” The pandemic is just still going on,” said DeAnne Gallegos, the countys public information officer and director of the regional chamber of commerce. “We kept thinking it was going to end before this summertime. Then we were believing in November. Now were like, No, we do not know when.”.
The county decided to backtrack: “We went back to the tools that we knew we had,” Gallegos said. “Mask required indoors and then dissuading indoor occasions.” Outside occasions continued, such as a brass band concert on the courthouse steps, and the locations signature Hardrockers Holidays mining competitors, with its pneumatic mucking and spike driving.
On the whole, when the under-12 set is taken into account, 85% of the countys total population is totally immunized. Theres what Gallegos explained as “the tsunami of tourism”– the day-to-day increase of people arriving on the historic railway from Durango and the dusty jeep tracks through the mountains.
The countys two-week incidence soared in August to the highest rate in the state, and stayed there for the majority of the month. Although that spike totaled up to a grand total of about 40 known cases, it was nearly as numerous as the county had actually logged throughout the whole of the pandemic– and cases spilled into the immunized as well.
Any number of cases would be a huge offer in a small location without its own hospital. “We are all one-man bands just trying to make it happen,” Gallegos stated. The countys public health director, Becky Joyce, for instance, does everything from contact tracing and COVID testing to putting shots in arms. And when the county rebooted its mask mandate, it was Gallegos who developed the indications and spent her weekend zip-tying them around town.
The most significant concentration of COVID cases took place at a RV park and a music celebration driven inside your home by rain.
” It makes good sense that coming out of 3 or 4 weeks of simply jamming tourist, individuals were starting to get ill who work in the restaurants, at the recreational vehicle parks,” Gallegos said. “And then you bring all the residents condensed together for a couple of nights of concerts and it was simply the trifecta.”.
Dana Chambers, who runs the hardware shop in Silverton, was vaccinated as soon as possible. She stated going back to a mask mandate felt in some ways like “a step back.” But, she said, services like hers require the summer season tourism rush to survive the peaceful winter, when just a couple of hundred travelers come, mainly to jump out of helicopters onto ski surface. “If we need to use the mask, thats what well do.”.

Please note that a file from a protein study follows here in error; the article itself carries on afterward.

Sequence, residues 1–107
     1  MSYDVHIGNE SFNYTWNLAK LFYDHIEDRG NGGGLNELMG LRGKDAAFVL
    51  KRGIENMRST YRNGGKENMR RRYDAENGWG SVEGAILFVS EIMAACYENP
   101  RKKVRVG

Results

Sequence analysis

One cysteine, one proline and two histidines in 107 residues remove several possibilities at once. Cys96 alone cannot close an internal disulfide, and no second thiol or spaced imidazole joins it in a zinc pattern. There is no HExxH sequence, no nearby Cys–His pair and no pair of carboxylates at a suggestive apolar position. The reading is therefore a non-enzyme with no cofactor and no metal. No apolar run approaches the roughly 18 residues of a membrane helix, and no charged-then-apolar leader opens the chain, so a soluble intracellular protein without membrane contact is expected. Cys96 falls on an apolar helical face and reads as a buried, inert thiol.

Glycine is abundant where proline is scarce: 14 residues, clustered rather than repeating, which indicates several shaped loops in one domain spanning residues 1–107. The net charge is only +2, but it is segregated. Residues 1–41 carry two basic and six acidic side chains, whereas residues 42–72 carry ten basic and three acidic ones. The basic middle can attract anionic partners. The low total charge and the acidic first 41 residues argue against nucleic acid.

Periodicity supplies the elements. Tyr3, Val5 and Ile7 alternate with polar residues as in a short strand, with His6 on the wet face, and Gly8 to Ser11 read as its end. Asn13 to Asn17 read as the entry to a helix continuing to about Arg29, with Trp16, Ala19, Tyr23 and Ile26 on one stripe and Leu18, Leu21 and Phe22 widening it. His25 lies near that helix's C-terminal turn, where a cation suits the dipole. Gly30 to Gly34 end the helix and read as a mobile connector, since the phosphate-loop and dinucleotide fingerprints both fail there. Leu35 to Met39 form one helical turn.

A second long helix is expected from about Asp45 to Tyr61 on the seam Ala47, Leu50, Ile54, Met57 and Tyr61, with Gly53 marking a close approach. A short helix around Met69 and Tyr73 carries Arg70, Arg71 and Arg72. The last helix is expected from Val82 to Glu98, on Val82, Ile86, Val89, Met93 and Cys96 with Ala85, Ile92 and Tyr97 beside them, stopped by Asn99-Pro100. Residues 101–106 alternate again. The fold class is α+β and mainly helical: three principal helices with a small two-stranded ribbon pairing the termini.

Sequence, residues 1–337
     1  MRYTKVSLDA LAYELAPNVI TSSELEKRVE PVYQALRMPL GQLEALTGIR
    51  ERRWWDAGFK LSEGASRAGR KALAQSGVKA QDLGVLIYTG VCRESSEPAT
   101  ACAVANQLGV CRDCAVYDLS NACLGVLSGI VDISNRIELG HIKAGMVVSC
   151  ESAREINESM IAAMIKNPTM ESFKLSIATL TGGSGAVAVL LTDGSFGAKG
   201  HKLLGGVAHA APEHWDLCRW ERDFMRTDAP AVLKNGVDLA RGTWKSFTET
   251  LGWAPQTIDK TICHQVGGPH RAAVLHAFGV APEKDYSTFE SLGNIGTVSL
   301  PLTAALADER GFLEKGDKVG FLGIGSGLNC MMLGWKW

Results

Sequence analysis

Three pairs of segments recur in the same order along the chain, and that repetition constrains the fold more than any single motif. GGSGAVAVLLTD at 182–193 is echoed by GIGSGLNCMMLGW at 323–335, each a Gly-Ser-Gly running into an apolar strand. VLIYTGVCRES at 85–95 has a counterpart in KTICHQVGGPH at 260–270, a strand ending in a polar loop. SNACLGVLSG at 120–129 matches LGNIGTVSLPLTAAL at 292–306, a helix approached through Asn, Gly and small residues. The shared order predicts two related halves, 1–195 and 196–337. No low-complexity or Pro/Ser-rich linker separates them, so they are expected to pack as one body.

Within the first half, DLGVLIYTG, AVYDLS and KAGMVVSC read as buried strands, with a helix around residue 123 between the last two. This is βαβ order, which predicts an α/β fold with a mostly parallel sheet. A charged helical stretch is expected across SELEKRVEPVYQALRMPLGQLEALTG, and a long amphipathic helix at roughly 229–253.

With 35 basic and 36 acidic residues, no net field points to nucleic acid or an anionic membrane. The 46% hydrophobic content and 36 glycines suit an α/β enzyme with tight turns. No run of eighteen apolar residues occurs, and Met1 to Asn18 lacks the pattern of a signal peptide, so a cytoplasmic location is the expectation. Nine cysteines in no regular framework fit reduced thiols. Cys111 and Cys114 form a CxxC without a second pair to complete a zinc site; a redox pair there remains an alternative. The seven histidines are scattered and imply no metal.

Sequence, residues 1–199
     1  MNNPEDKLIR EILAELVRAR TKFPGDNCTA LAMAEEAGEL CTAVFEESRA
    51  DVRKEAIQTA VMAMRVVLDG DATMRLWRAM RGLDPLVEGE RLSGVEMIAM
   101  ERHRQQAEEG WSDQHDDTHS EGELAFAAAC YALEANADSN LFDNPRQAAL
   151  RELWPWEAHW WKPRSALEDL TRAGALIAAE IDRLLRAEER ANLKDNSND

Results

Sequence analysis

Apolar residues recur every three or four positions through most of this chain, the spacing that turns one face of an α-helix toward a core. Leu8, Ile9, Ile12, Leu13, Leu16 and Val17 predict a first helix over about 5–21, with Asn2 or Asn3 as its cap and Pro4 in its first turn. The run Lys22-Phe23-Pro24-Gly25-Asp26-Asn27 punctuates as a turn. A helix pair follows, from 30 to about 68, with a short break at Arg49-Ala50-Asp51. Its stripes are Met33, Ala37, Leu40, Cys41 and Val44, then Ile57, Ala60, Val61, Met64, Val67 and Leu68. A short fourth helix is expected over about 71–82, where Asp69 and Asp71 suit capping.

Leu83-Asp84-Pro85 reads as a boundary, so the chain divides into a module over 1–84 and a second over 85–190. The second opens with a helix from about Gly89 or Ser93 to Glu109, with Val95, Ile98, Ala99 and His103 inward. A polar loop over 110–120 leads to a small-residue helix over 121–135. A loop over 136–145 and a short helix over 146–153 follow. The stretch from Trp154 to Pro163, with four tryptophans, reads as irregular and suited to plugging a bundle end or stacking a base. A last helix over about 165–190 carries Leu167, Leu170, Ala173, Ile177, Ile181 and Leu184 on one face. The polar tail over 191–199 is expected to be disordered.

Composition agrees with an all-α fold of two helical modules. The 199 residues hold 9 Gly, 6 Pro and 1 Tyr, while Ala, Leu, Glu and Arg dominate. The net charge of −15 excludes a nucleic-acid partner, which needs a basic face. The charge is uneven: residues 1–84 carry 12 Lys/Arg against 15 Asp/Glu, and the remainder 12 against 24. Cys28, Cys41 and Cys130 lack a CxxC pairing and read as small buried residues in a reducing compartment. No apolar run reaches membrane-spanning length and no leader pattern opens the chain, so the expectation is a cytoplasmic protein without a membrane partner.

Julia Raifman, a Boston University School of Public Health epidemiologist who is following state pandemic policies, isnt shocked COVID can assault a place like San Juan County regardless of high vaccination rates.
Data reveals the vaccines secure versus death and hospitalization due to COVID. “Even in the best-case scenario– if vaccines minimize transmission by 80%– youre in fact twice as likely to get COVID now than you were in July,” Raifman stated, due to the infections current proliferation.
Many local and national leaders, including in Colorado, continue to focus on the vaccines almost exclusively as the course forward.
Talia Quandelacy, an epidemiologist with the University of Colorado-Denver and the Colorado School of Public Health, said the idea of herd resistance in this pandemic has been oversimplified and over-relied-on. “Its a beneficial guide to have some sort of target to aim for,” she said. “But typically, if we hit a certain metric, that doesnt suggest that transmission or the pandemic is simply going to disappear.”.
Many scientists concur that, specifically with the majority of the world still unvaccinated, COVID is likely here to remain, eventually morphing into something more like the acute rhinitis. “Its probably going to be a matter of a number of years,” Quandelacy said. “But that seems to be the trajectory that we are on.”.
For that reason, the “goal” language used by many politicians has frustrated Anne Sosin, a policy fellow at the Nelson A. Rockefeller Center for Public Policy at Dartmouth College studying COVID and rural health. The vaccines are doing what theyre supposed to do– keeping people from getting truly sick, not keeping them from ever getting contaminated– however that hasnt been interacted well. “The messaging around this has not been really nuanced,” she stated.